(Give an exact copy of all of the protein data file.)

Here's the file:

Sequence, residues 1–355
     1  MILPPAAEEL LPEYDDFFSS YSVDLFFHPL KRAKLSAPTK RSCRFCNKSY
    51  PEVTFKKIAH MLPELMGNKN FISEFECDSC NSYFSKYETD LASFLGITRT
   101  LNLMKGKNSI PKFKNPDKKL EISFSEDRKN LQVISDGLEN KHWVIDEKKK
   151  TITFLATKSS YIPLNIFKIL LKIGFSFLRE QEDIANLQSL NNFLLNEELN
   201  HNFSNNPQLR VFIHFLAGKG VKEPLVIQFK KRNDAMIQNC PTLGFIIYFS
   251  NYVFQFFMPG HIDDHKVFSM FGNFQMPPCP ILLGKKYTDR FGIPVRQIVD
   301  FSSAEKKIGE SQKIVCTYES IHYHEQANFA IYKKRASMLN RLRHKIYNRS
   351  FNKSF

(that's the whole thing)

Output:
Sequence, residues 1–355
     1  MILPPAAEEL LPEYDDFFSS YSVDLFFHPL KRAKLSAPTK RSCRFCNKSY
    51  PEVTFKKIAH MLPELMGNKN FISEFECDSC NSYFSKYETD LASFLGITRT
   101  LNLMKGKNSI PKFKNPDKKL EISFSEDRKN LQVISDGLEN KHWVIDEKKK
   151  TITFLATKSS YIPLNIFKIL LKIGFSFLRE QEDIANLQSL NNFLLNEELN
   201  HNFSNNPQLR VFIHFLAGKG VKEPLVIQFK KRNDAMIQNC PTLGFIIYFS
   251  NYVFQFFMPG HIDDHKVFSM FGNFQMPPCP ILLGKKYTDR FGIPVRQIVD
   301  FSSAEKKIGE SQKIVCTYES IHYHEQANFA IYKKRASMLN RLRHKIYNRS
   351  FNKSF